Mr ANOULACK CHANTHIVONG (Macquarie Fields) [12.53 p.m.]: About seven years ago the following words were uttered:
I think (Premier Rees' plan to sell most of the school land) is disgusting.
These were the words, seven years ago, of then shadow education Minister, Adrian Piccoli, in his defence of Hurlstone Agricultural High School at Glenfield and his unequivocal opposition to the then Government's plan to sell off some of Hurlstone's educational farm. He said the plan was disgusting. Approximately seven years later, on 18 November 2015, Adrian Piccoli—no longer the shadow Minister but the Minister—said the following:
We will sell the farm at the existing Hurlstone Agricultural High School.
I have thought long and hard about my response to the Minister's announcement that day. In all honesty, I cannot improve on his words seven or so years ago: disgusting. There is no other word for it. This Minister's plans are plainly and simply disgusting. So are his hypocrisy and his duplicity when he cried foul over the plans to sell off Hurlstone's farm. His contempt for my community is also disgusting—to lull them into believing he was a friend of Hurlstone and its farm—
Mr Kevin Anderson: Point of order—
Mr ANOULACK CHANTHIVONG: Stop the clock, Mr Temporary Speaker.
Mr Kevin Anderson: The member for Macquarie Fields is clearly casting aspersions on the Minister, who is not in the Chamber. I ask the member to withdraw his comments.
TEMPORARY SPEAKER (Mr Bruce Notley-Smith): Order! The member is entitled to address matters relevant to his electorate, but I ask him to be mindful of his use of words concerning the Minister.
Mr Kevin Anderson: Further to the point of order—
TEMPORARY SPEAKER (Mr Bruce Notley-Smith): Order! I have ruled on the point of order.
Mr Kevin Anderson: Point of order: The member for Macquarie Fields has said they were the Minister's words but, in fact, he was using his own words to describe what the Minister said.
TEMPORARY SPEAKER (Mr Bruce Notley-Smith): Order! I again remind the member to use accurate and truthful words when addressing the Chamber.
Mr ANOULACK CHANTHIVONG: I seek an appropriate extension of time.
TEMPORARY SPEAKER (Mr Bruce Notley-Smith): Order! I will extend some latitude.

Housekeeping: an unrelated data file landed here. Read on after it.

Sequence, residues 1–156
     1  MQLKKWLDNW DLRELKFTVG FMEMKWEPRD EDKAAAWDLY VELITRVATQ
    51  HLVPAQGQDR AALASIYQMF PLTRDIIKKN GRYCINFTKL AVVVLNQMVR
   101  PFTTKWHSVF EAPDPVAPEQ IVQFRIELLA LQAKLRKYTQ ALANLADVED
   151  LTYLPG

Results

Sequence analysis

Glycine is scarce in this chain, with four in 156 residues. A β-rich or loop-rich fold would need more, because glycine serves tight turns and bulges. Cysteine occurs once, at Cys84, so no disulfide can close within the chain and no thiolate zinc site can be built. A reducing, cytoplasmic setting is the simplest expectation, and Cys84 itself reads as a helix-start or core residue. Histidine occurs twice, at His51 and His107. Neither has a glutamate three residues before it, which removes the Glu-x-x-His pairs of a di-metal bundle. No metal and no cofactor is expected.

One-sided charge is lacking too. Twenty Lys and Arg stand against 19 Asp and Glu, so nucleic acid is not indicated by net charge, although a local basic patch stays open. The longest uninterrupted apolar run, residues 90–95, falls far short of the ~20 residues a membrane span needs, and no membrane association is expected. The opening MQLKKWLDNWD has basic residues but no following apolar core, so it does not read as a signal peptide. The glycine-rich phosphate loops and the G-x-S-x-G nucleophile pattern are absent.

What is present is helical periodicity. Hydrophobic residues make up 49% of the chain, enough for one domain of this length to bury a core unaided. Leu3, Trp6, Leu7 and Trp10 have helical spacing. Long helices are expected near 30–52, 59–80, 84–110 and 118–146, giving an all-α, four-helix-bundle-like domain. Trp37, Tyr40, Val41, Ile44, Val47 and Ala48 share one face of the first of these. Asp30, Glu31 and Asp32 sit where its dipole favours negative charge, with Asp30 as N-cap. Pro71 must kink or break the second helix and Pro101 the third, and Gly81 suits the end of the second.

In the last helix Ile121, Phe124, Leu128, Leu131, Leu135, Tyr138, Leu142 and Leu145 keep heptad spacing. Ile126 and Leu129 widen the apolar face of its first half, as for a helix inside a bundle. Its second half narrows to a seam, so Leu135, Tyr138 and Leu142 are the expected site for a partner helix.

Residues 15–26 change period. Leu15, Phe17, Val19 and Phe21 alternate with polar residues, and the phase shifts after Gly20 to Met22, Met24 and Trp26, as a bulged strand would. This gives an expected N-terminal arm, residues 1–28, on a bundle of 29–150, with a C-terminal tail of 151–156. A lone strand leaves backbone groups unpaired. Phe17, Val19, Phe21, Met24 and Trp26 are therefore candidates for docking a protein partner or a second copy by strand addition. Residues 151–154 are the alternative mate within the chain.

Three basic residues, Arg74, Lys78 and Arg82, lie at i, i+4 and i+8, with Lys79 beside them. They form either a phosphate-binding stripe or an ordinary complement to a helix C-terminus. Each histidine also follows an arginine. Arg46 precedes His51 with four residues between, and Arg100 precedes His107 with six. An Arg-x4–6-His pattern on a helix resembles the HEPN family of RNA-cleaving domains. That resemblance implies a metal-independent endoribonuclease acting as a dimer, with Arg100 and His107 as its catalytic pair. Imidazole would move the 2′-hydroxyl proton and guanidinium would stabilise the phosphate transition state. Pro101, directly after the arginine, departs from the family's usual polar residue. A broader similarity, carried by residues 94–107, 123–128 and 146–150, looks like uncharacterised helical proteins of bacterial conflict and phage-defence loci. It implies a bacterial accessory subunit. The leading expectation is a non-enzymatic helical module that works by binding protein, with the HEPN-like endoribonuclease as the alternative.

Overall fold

Mr ANOULACK CHANTHIVONG: Is it any wonder that our profession is so lowly regarded when the likes of the Minister for Education are eroding public trust? Why are his plans so disgusting? The Minister's duplicity, backflip, betrayal, hypocrisy and treachery are disgusting but—
Mr Kevin Humphries: Point of order: I ask that the member return to the leave of private members' statements—namely, to discuss issues about a member's electorate, not to cast reflections on other members and/or Ministers.
TEMPORARY SPEAKER (Mr Bruce Notley-Smith): Order! I uphold the point of order. I remind the member for Macquarie Fields that he is entitled to talk about matters pertaining to his electorate, but he should not be critical of other members.
Mr Kevin Humphries: Point of order: I am happy for the member to have the clock stopped. I was at Hurlstone in 2007 and we prevented that. I would encourage the member to talk about Hurlstone and where it is going in the future.
TEMPORARY SPEAKER (Mr Bruce Notley-Smith): Order! There is no point of order. The member for Barwon will resume his seat. The member for Macquarie Fields has the call.
Mr ANOULACK CHANTHIVONG: I have lost almost two minutes now. I seek an extension to reflect that loss of time. I will now go through the Minister's plans. First, his plans will destroy forever valuable green space. This green space acts as a vital buffer to prevent ever-encroaching urban sprawl and splatter. South-west Sydney is drowning from congestion and over-development. Selling the Hurlstone farm will only exacerbate this already dire situation. My community needs more green space, not less. Secondly, his plans rip out of my community one of the finest selective high schools in the country—a school that has produced, nationally and internationally, a legion of community, sporting, cultural, political and academic leaders. To argue, as the Minister does, that a non-descript no-name selective high school at Glenfield can possibly replace the history, heritage and prestige of Hurlstone is a little delusional. The Minister would not try to raise such an argument elsewhere.
Thirdly, the Minister's arguments are disgusting because they deny my local students the opportunity to study agriculture at a serious level. To suggest that students in south-west Sydney will make a one-way journey of almost two hours—and sometimes more—to Richmond to study agriculture every day is unimaginable. Further, why should students in my electorate be denied the opportunities afforded to students in the Hawkesbury catchment? Currently, four schools within that catchment offer agriculture—Windsor, Colo, Hawkesbury and Richmond. Richmond High School, according to its prospectus, has one of the highest performing agriculture show teams in New South Wales. So there are no shortages of opportunities for students to study agriculture in the Hawkesbury catchment. This is a clear example of the Minister picking winners and losers. Fourthly, his plans are disgusting because—like the true political spin master he is—the Minister is using sleight of hand and deception to sell his deeply flawed argument.
Mr Kevin Humphries: Point of order—
TEMPORARY SPEAKER (Mr Bruce Notley-Smith): Order! I have extended the member for Macquarie Fields some latitude. He will conclude his remarks.
Mr ANOULACK CHANTHIVONG: In conclusion, the Minister said one thing when in opposition and has done exactly the opposite when in government. He has gone from Hurlstone's defender to its destroyer. Sadly, that sums up his whole behaviour. [Time expired.]